The chamber opera I.th.Ak.A by Australian composer Samuel Penderbayne world premiered last April in Hamburg at the opera stabile—the experimental stage of the Staatsoper Hamburg—directed by Paul-Georg Dittrich. The opera is a “re-telling of Homer’s Odyssey in the digital realm” with a purpose-written text by Helmut Krausser.
The set and costumes are designed by the Berlin-based set designers team Joki Tewes and Jana Findeklee.
The set shows the interior of a sunken ship. It was built as a spatial installation in the Opera Stabile. Both the audience and the orchestra are placed on the stage.
Space is structured by steel beams and surrounded by string curtains on three sides, onto which videos are projected. The orchestra sits beneath the commanding bridge of the ship on the one side.
The central character of the opera is Juli (pronounces as Uly in Ulysses), who is imprisoned in a detention facility and plans a break–out to a promising place called Ithaka. She is connected to cyberspace, in which she tries to find collaborators.
In the concept, the other figures like Circe and the Cyclops are avatars of Juli. “It is an odyssey to Juli’s inner self,” says Findeklee. “That is why there is no possible way out of the story, which remains in a loop. In the end, it is said, that the human experiment on her has failed again.”
The dystopic character of the music and story is found in the stage and costumes.
Although there are highly technical elements included, like the interactive video designed by Sebastian Pircher and Roman Kuskowski, the stage has a very transitory look. The string curtains, on which the cyberspace and sea of data materialize, appear like waving algae around a sunken ship. The steel beams on which the singers perform and the audience is sitting are of a rusty color and surface. “The idea was to state a prospect to a highly digitalized but sunken civilization,” says Findeklee.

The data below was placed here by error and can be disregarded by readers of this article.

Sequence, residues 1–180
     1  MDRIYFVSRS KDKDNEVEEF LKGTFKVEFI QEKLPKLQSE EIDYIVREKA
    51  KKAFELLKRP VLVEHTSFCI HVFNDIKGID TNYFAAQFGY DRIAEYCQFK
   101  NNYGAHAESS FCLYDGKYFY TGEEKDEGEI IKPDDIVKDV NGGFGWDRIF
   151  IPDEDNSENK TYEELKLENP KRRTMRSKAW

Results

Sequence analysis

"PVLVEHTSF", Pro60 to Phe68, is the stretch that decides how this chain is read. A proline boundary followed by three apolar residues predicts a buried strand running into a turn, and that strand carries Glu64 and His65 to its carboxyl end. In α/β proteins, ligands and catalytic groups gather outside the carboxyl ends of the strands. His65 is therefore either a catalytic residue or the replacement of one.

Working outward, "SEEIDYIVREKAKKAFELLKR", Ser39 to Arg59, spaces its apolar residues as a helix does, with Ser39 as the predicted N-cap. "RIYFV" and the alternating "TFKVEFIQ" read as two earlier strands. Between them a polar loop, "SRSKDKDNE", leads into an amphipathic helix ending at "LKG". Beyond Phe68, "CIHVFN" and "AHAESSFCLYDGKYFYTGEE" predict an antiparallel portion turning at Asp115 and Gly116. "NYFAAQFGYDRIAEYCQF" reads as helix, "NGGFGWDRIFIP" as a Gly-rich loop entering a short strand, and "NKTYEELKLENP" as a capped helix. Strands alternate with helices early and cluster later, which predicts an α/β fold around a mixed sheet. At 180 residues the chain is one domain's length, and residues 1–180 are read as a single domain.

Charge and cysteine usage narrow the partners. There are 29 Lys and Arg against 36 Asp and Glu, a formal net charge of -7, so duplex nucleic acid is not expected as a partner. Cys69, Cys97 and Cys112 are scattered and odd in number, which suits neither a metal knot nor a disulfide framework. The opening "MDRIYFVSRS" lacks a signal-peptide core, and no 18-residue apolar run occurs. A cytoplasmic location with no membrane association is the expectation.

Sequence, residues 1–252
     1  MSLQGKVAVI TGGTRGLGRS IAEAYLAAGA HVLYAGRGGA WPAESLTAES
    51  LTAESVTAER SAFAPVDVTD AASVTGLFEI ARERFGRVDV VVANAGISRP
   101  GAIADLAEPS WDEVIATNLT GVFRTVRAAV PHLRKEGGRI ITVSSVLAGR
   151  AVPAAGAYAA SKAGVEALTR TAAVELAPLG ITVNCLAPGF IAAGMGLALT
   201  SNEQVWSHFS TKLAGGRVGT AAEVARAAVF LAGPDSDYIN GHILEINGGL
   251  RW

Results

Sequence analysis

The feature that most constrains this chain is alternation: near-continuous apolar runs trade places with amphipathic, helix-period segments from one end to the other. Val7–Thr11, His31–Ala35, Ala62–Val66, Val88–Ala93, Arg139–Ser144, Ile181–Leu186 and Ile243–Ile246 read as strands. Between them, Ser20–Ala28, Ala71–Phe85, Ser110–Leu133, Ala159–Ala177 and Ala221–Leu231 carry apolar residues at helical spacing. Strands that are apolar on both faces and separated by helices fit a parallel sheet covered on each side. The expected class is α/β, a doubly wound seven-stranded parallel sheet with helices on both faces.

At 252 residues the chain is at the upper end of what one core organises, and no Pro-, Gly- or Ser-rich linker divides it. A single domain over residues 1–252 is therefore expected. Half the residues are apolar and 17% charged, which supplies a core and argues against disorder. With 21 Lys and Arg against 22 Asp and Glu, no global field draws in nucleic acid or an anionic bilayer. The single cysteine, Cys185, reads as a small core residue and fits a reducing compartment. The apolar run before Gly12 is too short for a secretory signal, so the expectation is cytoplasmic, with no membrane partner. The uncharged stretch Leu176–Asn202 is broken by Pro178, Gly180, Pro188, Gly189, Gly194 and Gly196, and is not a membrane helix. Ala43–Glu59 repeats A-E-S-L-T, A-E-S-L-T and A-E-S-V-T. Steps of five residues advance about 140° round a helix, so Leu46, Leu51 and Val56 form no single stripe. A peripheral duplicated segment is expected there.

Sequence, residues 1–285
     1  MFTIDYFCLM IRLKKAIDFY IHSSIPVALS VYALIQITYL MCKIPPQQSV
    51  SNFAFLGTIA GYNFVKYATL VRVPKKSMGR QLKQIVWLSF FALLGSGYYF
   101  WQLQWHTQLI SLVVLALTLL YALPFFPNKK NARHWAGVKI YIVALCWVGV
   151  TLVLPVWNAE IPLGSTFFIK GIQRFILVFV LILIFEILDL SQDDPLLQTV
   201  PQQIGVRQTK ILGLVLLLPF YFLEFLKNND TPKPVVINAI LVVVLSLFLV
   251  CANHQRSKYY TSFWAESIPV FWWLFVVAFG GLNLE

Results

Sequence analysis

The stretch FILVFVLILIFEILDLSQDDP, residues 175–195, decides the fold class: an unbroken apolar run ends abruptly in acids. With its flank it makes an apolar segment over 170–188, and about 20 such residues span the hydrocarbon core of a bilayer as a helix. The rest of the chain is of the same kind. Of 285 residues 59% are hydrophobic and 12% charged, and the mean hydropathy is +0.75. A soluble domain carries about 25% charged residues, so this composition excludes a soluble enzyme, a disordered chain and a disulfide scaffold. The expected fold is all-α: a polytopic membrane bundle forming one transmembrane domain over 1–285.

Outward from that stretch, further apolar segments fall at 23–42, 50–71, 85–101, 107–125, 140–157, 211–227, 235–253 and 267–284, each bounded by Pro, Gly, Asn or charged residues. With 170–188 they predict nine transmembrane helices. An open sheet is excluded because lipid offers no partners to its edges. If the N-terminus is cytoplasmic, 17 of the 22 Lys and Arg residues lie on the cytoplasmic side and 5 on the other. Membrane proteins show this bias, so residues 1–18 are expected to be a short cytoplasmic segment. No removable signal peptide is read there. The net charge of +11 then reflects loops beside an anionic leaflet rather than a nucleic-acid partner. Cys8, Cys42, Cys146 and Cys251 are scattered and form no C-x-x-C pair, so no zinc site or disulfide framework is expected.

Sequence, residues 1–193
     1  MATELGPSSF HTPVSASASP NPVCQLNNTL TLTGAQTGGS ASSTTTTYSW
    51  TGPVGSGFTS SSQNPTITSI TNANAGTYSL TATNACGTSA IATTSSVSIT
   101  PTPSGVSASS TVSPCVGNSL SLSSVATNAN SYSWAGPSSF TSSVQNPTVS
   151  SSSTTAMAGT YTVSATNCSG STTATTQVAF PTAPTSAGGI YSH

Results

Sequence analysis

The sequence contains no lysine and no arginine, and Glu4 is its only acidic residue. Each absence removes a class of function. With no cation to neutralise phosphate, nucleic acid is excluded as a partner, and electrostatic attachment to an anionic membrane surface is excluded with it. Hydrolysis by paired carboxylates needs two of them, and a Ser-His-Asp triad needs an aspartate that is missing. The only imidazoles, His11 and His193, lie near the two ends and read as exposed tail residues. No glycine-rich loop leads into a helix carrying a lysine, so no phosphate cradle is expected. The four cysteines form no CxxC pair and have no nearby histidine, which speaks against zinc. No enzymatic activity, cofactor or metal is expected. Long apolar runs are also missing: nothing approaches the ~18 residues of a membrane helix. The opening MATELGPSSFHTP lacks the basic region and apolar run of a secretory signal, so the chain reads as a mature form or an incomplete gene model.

“Juli finds her avatars as digital traces on the screens and on herself. The costumes were made out of white neoprene. Body projection is very significant in this performance because it shows the entity of the characters,” Findeklee says. “Of course, they appear on stage, as well.”
“Significant in its musical character is the dark net, that Juli reaches on a certain level. It is a free but also dangerous territory, a mystical sea on which Juli, like Ulysses, travels. Although the characters Juli meets represent how vivid and fulfilling the world can be, Juli’s motif is determined by her torn and deranged soul. The music states all this with an experimental, ‘avant-garde’ and entertaining drive.”
The focus of the visual storytelling was very much put on the costumes. “Because the actors have to perform in between the audience,” says Findeklee, “the use of props is highly limited due to security reasons. The costumes open up visual associations of the characters’ background. Dark, who emerges from the dark net, appears as an anonymous evil harlequin who tries to seduce Juli. The physical limitation given by the costumes determines the way the singers act.”
This physical action stands in contradiction to the digital look of the video images but tells about the relationship between human and data. This aspect was very important to director Paul-Georg Dittrich and the scenographers Joki Tewes and Jana Findeklee.